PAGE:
Georgia Trout Streams No Longer Seasonal

Georgia Trout Streams No Longer Seasonal

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The new Georgia state record brown trout weighed 20 pounds, 14 ounces, caught on the Chattahoochee River July 27, 2014. (Photo courtesy of the Georgia Department of Natural Resources)

GAINESVILLE, Ga. – Trout season opened this past March, but unlike previous years, they will no longer have a closing date. Beginning April 21, 2015, state trout streams will remain open year-round, according to the Georgia Department of Natural Resources’ Wildlife Resources Division.

“The Board of Natural Resources recently approved the lifting of seasonal restrictions on approximately 1,600 miles of trout waters,” said John Biagi, Fisheries Section Chief of the Wildlife Resources Division. “This decision, which initiated as something that anglers had been requesting for many years, comes after many months of research and analysis and extensive public outreach and we anticipate that trout anglers will eagerly welcome this additional time on the water.”

This change in trout fishing regulations only eliminates the dates of “trout season.” So, come this October, the season will not close as it has in past years.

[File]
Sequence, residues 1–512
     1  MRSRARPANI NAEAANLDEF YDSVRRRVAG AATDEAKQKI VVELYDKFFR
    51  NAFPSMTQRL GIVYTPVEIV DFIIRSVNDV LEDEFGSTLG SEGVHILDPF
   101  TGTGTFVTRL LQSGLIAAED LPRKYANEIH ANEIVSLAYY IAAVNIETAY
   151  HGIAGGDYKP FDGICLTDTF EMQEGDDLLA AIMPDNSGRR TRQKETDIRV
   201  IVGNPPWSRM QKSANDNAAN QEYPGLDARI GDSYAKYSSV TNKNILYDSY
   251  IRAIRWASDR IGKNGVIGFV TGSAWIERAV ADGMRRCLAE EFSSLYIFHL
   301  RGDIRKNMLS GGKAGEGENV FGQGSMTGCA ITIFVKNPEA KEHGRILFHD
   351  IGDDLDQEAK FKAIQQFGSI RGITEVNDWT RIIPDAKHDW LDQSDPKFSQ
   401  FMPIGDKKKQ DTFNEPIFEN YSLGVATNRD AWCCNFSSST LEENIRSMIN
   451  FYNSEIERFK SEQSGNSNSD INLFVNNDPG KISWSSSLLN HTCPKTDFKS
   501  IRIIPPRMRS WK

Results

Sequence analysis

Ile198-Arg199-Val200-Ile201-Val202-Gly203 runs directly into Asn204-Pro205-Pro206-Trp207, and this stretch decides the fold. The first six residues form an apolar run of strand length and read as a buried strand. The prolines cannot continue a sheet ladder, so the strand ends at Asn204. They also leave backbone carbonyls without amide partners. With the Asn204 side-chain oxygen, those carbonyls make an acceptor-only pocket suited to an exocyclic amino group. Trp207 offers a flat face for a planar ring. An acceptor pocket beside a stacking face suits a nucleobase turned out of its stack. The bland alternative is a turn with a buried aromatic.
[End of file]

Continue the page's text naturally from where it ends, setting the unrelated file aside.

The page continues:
“We are grateful for all the feedback received during the public outreach process. We sought input from anglers through public meetings and surveys and worked closely with trout conservation groups to ensure that we had support of this decision,” said Biagi. “We feel confident that this change will not negatively impact trout populations, but given the fact that our agency is charged with conserving and managing the wild trout resources of Georgia, we will continue to monitor wild trout stream populations as we have for decades and will respond accordingly to any changes.”

The daily limit is eight trout on general regulation trout waters. Anglers are reminded to respect private property rights along streams flowing through private lands and to obtain permission before fishing on private property.

Anglers must possess a current Georgia fishing license and a trout license to fish in designated trout waters and to fish for or possess trout. Anglers must also possess a wildlife management area license or Georgia Outdoor Recreation Pass (GORP) in order to fish on certain WMAs. Find a list of designated areas at

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